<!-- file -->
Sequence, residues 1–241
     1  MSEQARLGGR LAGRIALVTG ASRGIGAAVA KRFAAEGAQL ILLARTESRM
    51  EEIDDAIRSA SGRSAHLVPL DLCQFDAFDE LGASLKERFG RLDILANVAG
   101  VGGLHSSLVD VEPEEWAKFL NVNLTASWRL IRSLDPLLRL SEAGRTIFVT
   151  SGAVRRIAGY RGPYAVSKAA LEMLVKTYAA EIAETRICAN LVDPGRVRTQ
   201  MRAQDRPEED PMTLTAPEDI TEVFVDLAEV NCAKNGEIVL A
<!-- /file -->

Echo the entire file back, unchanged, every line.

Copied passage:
Sequence, residues 1–241
     1  MSEQARLGGR LAGRIALVTG ASRGIGAAVA KRFAAEGAQL ILLARTESRM
    51  EEIDDAIRSA SGRSAHLVPL DLCQFDAFDE LGASLKERFG RLDILANVAG
   101  VGGLHSSLVD VEPEEWAKFL NVNLTASWRL IRSLDPLLRL SEAGRTIFVT
   151  SGAVRRIAGY RGPYAVSKAA LEMLVKTYAA EIAETRICAN LVDPGRVRTQ
   201  MRAQDRPEED PMTLTAPEDI TEVFVDLAEV NCAKNGEIVL A